Iconic S35 lenses
An amazing amount of well matched lens series exist for the S35 format, including Panavision lenses, Bausch & lomb Cooke lenses, LOMO, Zeiss/Arri Lenses like Ultra Primes, Master Primes, B speeds, standard speeds and Angenieux zooms and many other amazing lenses which were used to create cinema history. S35 was always the benchmark with only a few other films produced in other formats like 65mm, or s16. It’s only a trend of the last 5 years, that cinema lens designers release Large format lenses in big numbers, and that people start to rehouse photoglass in cinemahousings to meet the requirements of on film set use. These lenses except longer focal lengths which tend to throw out bigger image circles do most often not cover sensors larger than Academy format, and the more recent lenses like Ultra primes, Cooke s4 not bigger (officially), than S35, so using these lenses on larger format cameras will often lead to vignetting, or soft corners and other technically unwanted side effects.
Since the existing s35 lenses are so beautiful and so well throughout and well matched (within a set) they are still workhorses on many filmsets, and now with the re-release of the S35 format with high resolution capture of the ALEXA35 we will see a lot of cinematographers migrate back from the Large Format trend back to S35. Large Format in our eyes is mostly a temporary way to meet the demands of high resolution capture, but was never invented as an aesthetic format. Even though marketing people will tell you B****T like Large format is more immersive, it was mainly always an Sensor issue not an aesthetic issue we tried to solve. Making a fast T stop lens for Large format requires a lot bigger and more expensive and more heavy glass compared to S35, and thus the shallow of depth rule insisting that smaller depth of view can be easier met with Large Format cameras and Large format lenses can go straight to the dustbin. If one can make a 50mm T2.0 lens for Large Format, one can take the same concept and make it T1.4 for s35, and thus the differences in viewing angle (relative focal length) are diminished.
Photoglass that works better on S35
Most Photoglass was designed to cover 8 perforation 35mm film (36X24mm) which was the smaller brother of medium format and large format photography. Due to introduction of Olympus pen which used a ‘ half frame’ a few decades later Canon introduced a digital camera called the Canon 5d and called it Full frame, that marketing led to the widely highly problematic FULL FRAME terminology, which even leaked through to cinematography. It’s even more funny camera brands like SONY start to call their camera FX6 Full frame while it measures only 0.6mm taller than S35 open gate.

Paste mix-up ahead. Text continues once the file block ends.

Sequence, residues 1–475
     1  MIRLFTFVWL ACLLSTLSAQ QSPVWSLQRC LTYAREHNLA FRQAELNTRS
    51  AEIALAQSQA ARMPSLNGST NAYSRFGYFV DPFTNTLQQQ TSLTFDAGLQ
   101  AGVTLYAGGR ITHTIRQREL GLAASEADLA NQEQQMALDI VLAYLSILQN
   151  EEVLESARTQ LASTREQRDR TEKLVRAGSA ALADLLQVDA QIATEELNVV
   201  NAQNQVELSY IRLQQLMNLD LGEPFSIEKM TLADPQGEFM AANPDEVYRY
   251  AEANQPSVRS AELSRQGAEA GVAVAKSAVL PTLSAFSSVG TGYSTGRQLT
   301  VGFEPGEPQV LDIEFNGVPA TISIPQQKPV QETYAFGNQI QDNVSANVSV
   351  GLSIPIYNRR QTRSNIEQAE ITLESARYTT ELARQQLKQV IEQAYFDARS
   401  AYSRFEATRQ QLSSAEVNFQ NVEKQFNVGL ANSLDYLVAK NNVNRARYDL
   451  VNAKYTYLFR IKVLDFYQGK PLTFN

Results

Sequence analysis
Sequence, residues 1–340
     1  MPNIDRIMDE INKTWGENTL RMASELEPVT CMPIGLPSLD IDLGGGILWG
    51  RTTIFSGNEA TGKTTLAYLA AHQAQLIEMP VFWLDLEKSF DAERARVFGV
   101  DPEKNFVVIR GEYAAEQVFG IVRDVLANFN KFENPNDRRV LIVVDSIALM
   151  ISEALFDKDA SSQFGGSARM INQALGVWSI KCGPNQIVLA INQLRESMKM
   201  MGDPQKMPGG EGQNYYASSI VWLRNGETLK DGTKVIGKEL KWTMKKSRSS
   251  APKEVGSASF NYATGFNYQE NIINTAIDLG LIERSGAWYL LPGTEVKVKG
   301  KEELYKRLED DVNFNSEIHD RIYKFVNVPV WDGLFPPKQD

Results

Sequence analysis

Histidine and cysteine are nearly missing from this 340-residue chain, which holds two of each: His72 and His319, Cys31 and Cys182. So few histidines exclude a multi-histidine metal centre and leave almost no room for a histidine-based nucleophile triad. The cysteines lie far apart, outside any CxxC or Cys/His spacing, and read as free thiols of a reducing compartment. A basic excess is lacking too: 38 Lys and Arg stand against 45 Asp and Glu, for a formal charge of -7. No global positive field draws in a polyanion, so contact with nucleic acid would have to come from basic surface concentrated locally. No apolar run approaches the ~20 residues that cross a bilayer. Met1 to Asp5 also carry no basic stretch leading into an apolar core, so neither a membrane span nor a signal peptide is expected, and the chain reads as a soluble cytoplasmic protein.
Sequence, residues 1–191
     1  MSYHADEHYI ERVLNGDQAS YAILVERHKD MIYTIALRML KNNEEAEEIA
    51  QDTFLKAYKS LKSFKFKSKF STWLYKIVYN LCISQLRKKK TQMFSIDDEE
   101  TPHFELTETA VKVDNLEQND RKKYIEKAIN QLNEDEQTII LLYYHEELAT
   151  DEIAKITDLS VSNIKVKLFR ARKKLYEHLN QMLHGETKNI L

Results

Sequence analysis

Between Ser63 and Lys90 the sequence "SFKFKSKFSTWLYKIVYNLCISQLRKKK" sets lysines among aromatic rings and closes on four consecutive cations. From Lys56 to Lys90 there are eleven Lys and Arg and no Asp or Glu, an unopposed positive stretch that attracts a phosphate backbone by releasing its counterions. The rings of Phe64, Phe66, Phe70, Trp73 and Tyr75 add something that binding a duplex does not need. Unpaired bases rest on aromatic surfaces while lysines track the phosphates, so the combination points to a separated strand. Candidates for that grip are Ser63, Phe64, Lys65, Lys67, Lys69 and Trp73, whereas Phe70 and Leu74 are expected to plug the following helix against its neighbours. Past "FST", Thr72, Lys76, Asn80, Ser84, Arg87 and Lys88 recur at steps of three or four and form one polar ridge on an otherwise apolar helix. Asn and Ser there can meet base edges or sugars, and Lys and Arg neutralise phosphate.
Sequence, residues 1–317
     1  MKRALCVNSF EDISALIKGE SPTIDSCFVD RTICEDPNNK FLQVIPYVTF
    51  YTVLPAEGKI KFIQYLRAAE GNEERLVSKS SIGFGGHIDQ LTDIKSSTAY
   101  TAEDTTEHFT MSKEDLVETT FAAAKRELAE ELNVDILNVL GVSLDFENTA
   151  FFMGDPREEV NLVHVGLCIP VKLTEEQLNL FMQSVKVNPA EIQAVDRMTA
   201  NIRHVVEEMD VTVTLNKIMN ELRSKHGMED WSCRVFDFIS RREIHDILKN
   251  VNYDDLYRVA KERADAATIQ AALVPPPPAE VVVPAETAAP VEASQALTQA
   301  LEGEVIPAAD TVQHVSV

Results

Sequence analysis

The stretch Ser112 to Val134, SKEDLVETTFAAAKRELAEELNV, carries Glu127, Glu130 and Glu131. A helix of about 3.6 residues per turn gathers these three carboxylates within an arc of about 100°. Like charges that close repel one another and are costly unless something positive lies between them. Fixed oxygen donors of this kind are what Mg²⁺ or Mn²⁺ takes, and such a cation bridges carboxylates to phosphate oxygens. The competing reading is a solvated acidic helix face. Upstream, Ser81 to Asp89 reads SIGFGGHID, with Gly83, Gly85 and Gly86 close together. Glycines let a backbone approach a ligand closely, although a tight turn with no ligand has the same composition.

Back to 135 photo glass (AKA Full Frame), which intends to cover a 36X24mm frame. The target of these cameras was that they were small, and handy. And as we have stated before it’s hard to make a lens for Larger formats which meets the same technical specifications as a relative focal length for smaller formats, and when going too small, other issues are introduced and the Balance seems to be met around S35. With these small 135 lenses vignetting and edge fall off, aberrations and low MTF at wide f stops was normal, and even though we started to appreciate these defects, most of these are technically inferior to cine lenses. But wait! Many amazing lenses in tiny small formats like the ZUIKO OM f2.0 lenses are created, and when projected on a lens projector we can easily see that they perform technically better on slightly smaller formats like S35.
Even though some people are obsessed with maxing out their image circles of their lenses, we do believe that these lenses perform amazingly on smaller sensors. Yes there is something about lens defects, etc and we see it a lot in contemporary large format commercial films, but in our believes this is just a temporary trend. The only issue of Stills lenses on S35 is that sometimes it’s hard to find solutions for the wider end. With most lenses 18-20mm is the widest you can find which is for some people not wide enough. There are numerous solutions, like adding focal reducers, or find other lenses to complete a set that can go wider. For us it’s an eye opener to forget image circles but to study lenses on lens projectors. Another thing with a lot of stills lenses is the non telecentric designs, causing wider lenses to smear on the edges due to inclined rays in refracted glass, mainly due to OLPF filters which are needed to avoid aliasing in the Digital capture. By executing only the center of the Image circle these issues are mitigated.